LOCATION: Wyeth Pharmaceuticals
DOCKET NO.: 06-1249
DECIDED BY: Roberts Court (2006-2009)
LOWER COURT: Vermont Supreme Court
CITATION: 555 US (2009)
GRANTED: Jan 18, 2008
ARGUED: Nov 03, 2008
DECIDED: Mar 04, 2009
David C. Frederick – argued the cause for the respondent
Edwin S. Kneedler – Deputy Solicitor General, argued the cause for the United States, as amicus curiae, supporting the petitioner
Seth P. Waxman – argued the cause for the petitioner
Facts of the case
Diana Levine filed this personal injury action against Wyeth, the drug manufacturer, in state court in Vermont. Ms. Levine had intravenously injected Phenergan, a drug made by Wyeth and used to prevent allergies and motion sickness, into her arm, and complications arising from the injection eventually led to the amputation of her arm. Ms. Levine brought this claim asserting that Wyeth had failed to include a warning label describing the possible arterial injuries that could occur from negligent injection of the drug. Wyeth argued that because their warning label had been deemed acceptable by the FDA, a federal agency, any Vermont state regulations making the label insufficient were preempted by the federal approval. The Superior Court of Vermont found in favor of Ms. Levine and denied Wyeth’s motion for a new trial.
The Supreme Court of Vermont affirmed this ruling on appeal, holding that the FDA requirements merely provide a floor, not a ceiling, for state regulation. Therefore, states are free to create more stringent labeling requirements than federal law provides.
Does federal law preempt state law in a personal injury action against a drug manufacturer for failing to include an appropriate warning label where the drug in question met the labeling requirements of the Food and Drug Administration?
Media for Wyeth v. Levine
Audio Transcription for Opinion Announcement – March 04, 2009 in Wyeth v. Levine
John G. Roberts, Jr.:
Justice Stevens has the opinion of the Court today in case 06-1249, Wyeth versus Levine.
John Paul Stevens:
In April 2000, Diana Levine sought treatment for a migraine headache at her local health center.
A clinician gave her a direct injection of Phenergan, an antinausea drug manufactured by Wyeth.
After the drug entered her artery, Levine developed gangrene and doctors amputated her forearm.
Levine brought a state law damages action alleging that Wyeth had failed to provide an adequate warning about the risk of directly injecting Phenergan into a patient’s vein.
The Vermont jury found that Levine’s injury would have not occurred if Phenergan’s label included an adequate warning and had awarded her damages.
Wyeth then sought a judgment notwithstanding the verdict arguing that Levine’s claims were preempted by federal law because Phenergan’s labeling had been approved by the federal Food and Drug Administration.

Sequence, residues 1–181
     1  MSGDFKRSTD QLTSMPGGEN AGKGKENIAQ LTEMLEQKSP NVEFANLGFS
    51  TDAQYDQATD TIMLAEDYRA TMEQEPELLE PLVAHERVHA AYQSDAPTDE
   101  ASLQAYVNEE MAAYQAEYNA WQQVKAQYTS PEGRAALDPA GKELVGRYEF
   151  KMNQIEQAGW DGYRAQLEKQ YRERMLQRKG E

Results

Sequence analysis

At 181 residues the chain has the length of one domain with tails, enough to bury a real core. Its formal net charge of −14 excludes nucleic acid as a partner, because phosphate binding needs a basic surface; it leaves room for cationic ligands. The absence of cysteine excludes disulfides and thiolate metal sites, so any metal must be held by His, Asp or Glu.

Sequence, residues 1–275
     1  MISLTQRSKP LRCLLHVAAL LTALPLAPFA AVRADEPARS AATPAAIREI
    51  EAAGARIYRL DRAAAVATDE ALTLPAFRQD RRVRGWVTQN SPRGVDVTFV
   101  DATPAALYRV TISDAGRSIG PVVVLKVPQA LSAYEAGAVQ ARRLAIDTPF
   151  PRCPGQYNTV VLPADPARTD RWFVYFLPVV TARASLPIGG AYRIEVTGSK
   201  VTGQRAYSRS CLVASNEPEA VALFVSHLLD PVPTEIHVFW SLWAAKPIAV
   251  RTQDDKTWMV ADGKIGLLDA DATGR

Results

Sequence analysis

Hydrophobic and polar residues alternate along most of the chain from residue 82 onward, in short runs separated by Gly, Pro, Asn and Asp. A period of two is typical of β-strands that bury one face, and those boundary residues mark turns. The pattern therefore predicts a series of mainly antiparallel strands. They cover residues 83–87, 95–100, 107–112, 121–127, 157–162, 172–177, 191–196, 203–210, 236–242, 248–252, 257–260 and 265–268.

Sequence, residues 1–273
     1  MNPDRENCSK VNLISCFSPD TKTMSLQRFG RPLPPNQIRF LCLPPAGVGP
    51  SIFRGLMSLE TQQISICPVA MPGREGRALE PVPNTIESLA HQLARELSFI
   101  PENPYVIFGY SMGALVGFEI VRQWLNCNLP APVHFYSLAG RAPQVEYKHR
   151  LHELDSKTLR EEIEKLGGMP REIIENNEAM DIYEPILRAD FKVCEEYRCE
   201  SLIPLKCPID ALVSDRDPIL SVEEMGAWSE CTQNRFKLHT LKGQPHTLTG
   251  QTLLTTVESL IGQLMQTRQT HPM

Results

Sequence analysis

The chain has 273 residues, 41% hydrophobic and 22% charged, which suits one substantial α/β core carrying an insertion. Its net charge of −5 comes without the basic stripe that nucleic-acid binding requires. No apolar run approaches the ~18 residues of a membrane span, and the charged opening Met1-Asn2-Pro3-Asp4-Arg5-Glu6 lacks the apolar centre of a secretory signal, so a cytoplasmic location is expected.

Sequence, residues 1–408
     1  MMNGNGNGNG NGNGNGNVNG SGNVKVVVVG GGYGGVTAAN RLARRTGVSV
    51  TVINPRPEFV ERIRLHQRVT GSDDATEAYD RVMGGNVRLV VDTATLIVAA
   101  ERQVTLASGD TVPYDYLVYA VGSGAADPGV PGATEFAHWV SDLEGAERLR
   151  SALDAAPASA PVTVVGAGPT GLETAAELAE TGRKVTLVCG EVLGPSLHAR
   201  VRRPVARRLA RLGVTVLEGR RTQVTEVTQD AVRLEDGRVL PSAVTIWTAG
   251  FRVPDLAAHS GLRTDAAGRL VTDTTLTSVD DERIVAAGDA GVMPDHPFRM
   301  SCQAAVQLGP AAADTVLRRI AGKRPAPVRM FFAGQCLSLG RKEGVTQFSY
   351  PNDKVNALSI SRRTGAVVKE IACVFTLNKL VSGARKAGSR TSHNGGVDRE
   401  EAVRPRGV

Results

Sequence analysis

The trial court rejected Wyeth’s presumption argument and the Vermont Supreme Court affirmed.
We granted certiorari to consider Wyeth’s argument that the FDA’s approval of Phenergan’s label preempts Levine’s state law claims.
We now affirm the judgment of the Vermont Supreme Court.
We reject Wyeth’s argument that it is impossible for it to comply with both the state law duties underlying Levine’s claims and its federal labeling duties.
Generally, a manufacturer may only change its drug label after receiving the FDA’s approval.
But the agency has a regulation that permits manufacturers to make certain unilateral labeling changes to enhance drug safety.
Under this regulation, Wyeth could have added a stronger warning about direct injection of Phenergan and thereby complied with both its state law and federal law duties.
We also reject Wyeth’s argument that Levine’s state law claims posed an obstacle to Congress’ purpose of entrusting an expert agency with drug labeling decisions.
The history of the Food, Drug and Cosmetic Act shows that Congress did not intend to preempt state law failure to warn actions and Wyeth’s reliance under a preamble to a 2006 FDA regulation is unpersuasive.
This preamble is not an agency regulation with the force of law.
And Congress has not expressly authorized the FDA to preempt state law.
We do not defer to the FDA’s mere assertion that state law is an obstacle to achieving its statutory objections.
Among other problems, the 2006 preamble does not sufficiently explain FDA’s departure from its longstanding position that state law is a complementary form of federal — of drug regulation.
We therefore hold the FDA’s approval of Phenergan’s labeling does not preempt Levine’s state law failure to warn claim.
Justice Thomas has filed an opinion concurring in the judgment.
Justice Alito has filed a dissenting opinion in which the Chief Justice and Justice Scalia have joined.